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Dream update: Celebrating Cheyenne Parker’s journey to her first All-Star honor

A first-time All-Star in her ninth season, Cheyenne Parker of the Atlanta Dream models how to turn slow, steady progress into star-level success in the WNBA.

Los Angeles Sparks v Atlanta Dream
A first-time All-Star in her ninth season, Cheyenne Parker should be all smiles.
Photo by Adam Hagy/NBAE via Getty Images

In a postgame media availability early in the 2023 season, Dream head coach Tanisha Wright was asked about the scant playing time for the team’s rookies. As Wright responded, Cheyenne Parker chimed in, “I didn’t play as a rookie at all. Just throwing that out there.” Wright then emphasized, “She’s nine years in.”

The exchange serves as an appropriate encapsulation of Parker’s progress toward her first All-Star honor. Although selected in the first round of the 2015 WNBA Draft, she was not a product of a Power 5 blue-blood program and, therefore, not automatically slated for stardom. She instead exemplifies how to carve out a career in the WNBA, exhibiting the persistence and malleability necessary to survive — and then thrive — in this cutthroat league.

As Atlanta’s other All-Stars — fellow first-timer Allisha Gray and second-timer Rhyne Howard (named as a replacement for the injured Elena Delle Donne) — have received frequent attention in our Dream updates, it is time to pause and praise Parker, not only for her career accomplishment but also for her essential contributions to the ascendant Dream.

Parker’s persistent career path

The fifth pick in 2015 out of Middle Tennessee State, Parker saw little on-court action for the Chicago Sky, averaging 2.2 points in just over nine minutes per game. In her second and third seasons, her points and minutes only upticked slightly, as she averaged around four points in over 12 minutes per game. In years four and five, she became a regular part of the Chicago rotation, approaching 10 points and six rebounds in almost 20 minutes per game as the Sky’s super sub.

In the 2020 wubble, she had her breakout season, eventually working her way into the starting lineup as she posted 13.4 points, 6.4 boards, 1.3 steals and almost one block in 24.9 minutes per game. Her raw stats were enhanced by her efficiency. She finished in the top five in true shooting percentage and effective field goal percentage in 2020, while also ranking in the Top 10 in total offensive rebounds. Parker also extended her game behind the arc, making more 3-pointers in 2020 than she had in all previous seasons combined.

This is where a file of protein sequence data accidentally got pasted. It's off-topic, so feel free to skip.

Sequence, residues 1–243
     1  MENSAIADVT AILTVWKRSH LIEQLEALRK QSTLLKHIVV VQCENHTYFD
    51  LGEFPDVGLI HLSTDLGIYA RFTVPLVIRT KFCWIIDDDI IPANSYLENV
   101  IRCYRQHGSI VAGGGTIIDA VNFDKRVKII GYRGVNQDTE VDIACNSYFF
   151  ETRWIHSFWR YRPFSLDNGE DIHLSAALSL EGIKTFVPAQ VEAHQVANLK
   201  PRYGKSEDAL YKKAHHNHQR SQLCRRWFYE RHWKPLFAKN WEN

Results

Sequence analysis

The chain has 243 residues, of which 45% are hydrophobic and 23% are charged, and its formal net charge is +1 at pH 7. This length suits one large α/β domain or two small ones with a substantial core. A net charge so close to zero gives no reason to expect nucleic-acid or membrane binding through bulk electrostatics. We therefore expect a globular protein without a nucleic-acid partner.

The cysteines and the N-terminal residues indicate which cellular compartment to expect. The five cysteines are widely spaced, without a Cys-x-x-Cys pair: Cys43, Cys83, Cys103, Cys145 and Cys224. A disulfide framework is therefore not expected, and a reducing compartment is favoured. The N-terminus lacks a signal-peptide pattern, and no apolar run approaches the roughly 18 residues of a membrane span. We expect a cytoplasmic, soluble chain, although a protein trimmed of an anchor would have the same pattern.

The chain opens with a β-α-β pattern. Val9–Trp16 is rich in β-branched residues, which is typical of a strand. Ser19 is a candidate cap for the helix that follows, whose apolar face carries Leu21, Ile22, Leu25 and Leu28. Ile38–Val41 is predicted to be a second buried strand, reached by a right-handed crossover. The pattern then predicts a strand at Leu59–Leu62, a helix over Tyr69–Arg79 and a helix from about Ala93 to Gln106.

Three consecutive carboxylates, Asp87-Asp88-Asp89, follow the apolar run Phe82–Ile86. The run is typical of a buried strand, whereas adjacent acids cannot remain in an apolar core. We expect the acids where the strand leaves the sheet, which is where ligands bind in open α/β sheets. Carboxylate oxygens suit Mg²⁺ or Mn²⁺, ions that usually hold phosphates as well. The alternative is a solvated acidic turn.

However, the Chicago homecoming of another Parker (Candace) led Cheyenne to find to a new WNBA home in Atlanta. While her debut season with the Dream was cut short by maternity leave, she since has emerged as integral on both ends of the floor.

How Parker powers the Dream

Parker has been tasked with much responsibility under Wright, and she has responded by consistently rising to the challenge.

Often Atlanta’s only true big, Parker gives the Dream a forceful presence in the paint. She applies her athleticism and aggression to get buckets, boards and blocks. This season, she is averaging a career-high 7.5 rebounds per game, including 2.6 offensive rebounds per game, which is the second-best mark in the league. Off her o-boards, she is converting a career-best 3.5 second-chance points per game, which contribute to her 9.2 points in the paint per game, another career high. And add her 1.4 blocks per game to the list of career highs she is setting this season!

Through the first half of this season, she also has established new single-game highs in points and rebounds. She scored a hyper-efficient 25 points in Atlanta’s narrow loss to the Las Vegas Aces earlier this season. She grabbed 14 boards against the Connecticut Sun.

Parker’s career-best effectiveness in the interior is all the more impressive considering that, only a few seasons ago, it seemed that she was emerging as a stretch big due to her increased productivity from 3-point range. While she has not abandoned the 3-ball, she does most of her damage down low. This willing ability to shift roles — and succeed while doing so — is a crucial part of Parker’s All-Star case.

She also deserves credit for being an iron woman. Parker twice has played the maximum number of games in a season, including when she was coming off maternity leave last season. This year, she has yet to miss a game even as she is setting a new career high in minutes per game.

Cheyenne makes the Dream strong

Finally, it is worth appreciating Parker’s intangibles, particularly how she injects the Dream with passionate intensity. Whereas Atlanta’s other All-Stars both operate with a quiet coolness, Parker brings a feistiness and fieriness that a Dream team susceptible to lapses needs. She appears to be making an impact, as Atlanta has won six-straight games, settling into the fifth-place spot in the standings with an 11-8 record at the All-Star break.

During the broadcast of Atlanta’s Wednesday night win over the Seattle Storm, LaChina Robinson shared that Cheyenne means “strong.” Due the strength of her spirit and her play, Cheyenne Parker is an All-Star, and the Atlanta Dream are playoff contenders.